A Man using a saw to cut wood.

How $48MM Is Empowering Neighborhoods Around the U.S.

By sharing resources and knowledge, PRO Neighborhoods helps connect the dots.

America’s cities face a unique set of challenges thanks to their place at the center of a rapidly shifting economy, and too many neighborhoods continue to struggle with unemployment and poverty. Individual efforts to combat these issues face daunting challenges, ranging from the sheer number of communities dealing with these issues, to the varied and disparate ability to find support to fight them.

Giving organizations the ability to share resources, knowledge, and work together to tackle these challenges can improve their odds of success. That is why over the last year, we’ve worked to support seven groups of Community Development Financial Institutions (CDFIs) as part of our PRO Neighborhoods program. The original $33 million commitment by JPMorgan Chase & Co. has allowed these organizations to leverage an additional $226 million, according to research conducted by Harvard1, exponentially increasing their ability to create inclusive economic growth for individuals and communities.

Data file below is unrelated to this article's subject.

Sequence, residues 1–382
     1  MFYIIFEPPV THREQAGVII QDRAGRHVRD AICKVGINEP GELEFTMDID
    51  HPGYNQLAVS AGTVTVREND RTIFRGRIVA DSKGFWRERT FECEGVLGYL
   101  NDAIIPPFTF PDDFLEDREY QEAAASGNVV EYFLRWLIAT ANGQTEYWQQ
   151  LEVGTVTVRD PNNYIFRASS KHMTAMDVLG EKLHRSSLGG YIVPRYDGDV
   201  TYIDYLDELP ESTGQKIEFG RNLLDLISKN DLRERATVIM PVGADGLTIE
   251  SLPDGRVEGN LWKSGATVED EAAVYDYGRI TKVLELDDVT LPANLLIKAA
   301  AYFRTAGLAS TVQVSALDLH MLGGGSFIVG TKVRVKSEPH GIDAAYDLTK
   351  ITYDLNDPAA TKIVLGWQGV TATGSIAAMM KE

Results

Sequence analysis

This year, we’re supporting five new CDFI collaboratives with an additional $15.1 million as part of PRO Neighborhoods

A chart showing the five new CDFI collaboratives: Community Loan Program, Invest in Wisconsin, Northern California Community Loan Fund, Opportunity Fund and Community Ventures.
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These institutions are supporting diverse projects that are:

  • Working to rebuild blighted communities
  • Creating new and flexible funding sources for underserved small business owners
  • Creating new, affordable housing so workers can live where they work
  • Attacking issues around payday lending to create affordable, sustainable alternatives.

These projects are making a real difference in people’s lives, from small business lending in Rust Belt cities to mortgage lending in the Pacific Northwest, as well as financing the development of grocery stores that provide access to healthy foods in neighborhoods that had previously been considered food deserts.

1 Review of the JPMorgan Chase & Co.CDFI Collaborative Demonstration Project, Joint Center for Housing Studies at Harvard University, November 2015